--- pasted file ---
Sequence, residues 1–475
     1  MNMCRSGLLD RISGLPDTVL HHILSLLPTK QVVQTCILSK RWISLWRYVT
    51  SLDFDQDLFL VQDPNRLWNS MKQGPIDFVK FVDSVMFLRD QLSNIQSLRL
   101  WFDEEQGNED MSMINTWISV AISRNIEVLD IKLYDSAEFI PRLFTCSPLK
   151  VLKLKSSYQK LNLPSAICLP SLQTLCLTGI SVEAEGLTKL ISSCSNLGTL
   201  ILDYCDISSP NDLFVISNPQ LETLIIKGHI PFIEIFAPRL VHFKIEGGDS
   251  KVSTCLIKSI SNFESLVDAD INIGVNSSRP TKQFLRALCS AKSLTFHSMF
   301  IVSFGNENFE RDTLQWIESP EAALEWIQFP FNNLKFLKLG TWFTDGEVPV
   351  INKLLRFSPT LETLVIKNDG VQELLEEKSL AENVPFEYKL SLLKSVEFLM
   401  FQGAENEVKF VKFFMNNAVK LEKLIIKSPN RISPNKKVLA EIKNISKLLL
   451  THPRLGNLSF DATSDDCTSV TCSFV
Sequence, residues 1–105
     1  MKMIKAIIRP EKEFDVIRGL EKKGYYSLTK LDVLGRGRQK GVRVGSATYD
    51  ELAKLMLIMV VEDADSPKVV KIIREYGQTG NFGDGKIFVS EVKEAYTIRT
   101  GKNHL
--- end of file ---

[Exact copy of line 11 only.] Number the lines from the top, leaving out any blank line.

   451  THPRLGNLSF DATSDDCTSV TCSFV